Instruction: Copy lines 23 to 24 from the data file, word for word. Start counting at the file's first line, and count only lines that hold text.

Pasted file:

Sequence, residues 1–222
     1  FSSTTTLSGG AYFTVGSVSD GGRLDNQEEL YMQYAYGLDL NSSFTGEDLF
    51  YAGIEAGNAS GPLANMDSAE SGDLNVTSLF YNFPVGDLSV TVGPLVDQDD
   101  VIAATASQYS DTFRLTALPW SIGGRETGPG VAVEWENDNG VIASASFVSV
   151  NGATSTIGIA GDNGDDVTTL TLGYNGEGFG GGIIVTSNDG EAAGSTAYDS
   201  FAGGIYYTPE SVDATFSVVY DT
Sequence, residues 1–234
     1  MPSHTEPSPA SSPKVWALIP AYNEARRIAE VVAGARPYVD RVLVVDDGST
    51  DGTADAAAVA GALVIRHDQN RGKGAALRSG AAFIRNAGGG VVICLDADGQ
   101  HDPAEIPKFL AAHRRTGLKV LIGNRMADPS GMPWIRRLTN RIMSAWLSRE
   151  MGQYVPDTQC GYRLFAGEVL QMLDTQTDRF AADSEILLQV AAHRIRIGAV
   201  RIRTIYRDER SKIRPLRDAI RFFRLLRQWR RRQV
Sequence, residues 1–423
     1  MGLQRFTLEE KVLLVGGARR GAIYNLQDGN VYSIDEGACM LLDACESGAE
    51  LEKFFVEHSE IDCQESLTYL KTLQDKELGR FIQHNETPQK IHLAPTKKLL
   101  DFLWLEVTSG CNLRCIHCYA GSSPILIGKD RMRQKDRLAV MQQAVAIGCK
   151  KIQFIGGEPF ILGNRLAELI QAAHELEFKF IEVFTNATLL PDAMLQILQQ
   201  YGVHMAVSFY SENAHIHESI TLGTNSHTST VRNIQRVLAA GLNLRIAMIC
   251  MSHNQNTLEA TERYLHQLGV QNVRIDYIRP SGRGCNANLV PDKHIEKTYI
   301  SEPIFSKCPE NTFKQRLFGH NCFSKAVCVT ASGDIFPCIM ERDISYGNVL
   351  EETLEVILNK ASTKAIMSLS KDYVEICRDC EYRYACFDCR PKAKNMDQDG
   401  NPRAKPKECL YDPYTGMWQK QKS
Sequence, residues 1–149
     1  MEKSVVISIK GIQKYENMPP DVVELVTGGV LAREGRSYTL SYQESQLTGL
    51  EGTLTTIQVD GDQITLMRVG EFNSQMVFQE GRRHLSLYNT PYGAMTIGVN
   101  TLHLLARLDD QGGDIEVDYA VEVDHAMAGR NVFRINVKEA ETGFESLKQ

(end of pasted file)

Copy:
Sequence, residues 1–149
     1  MEKSVVISIK GIQKYENMPP DVVELVTGGV LAREGRSYTL SYQESQLTGL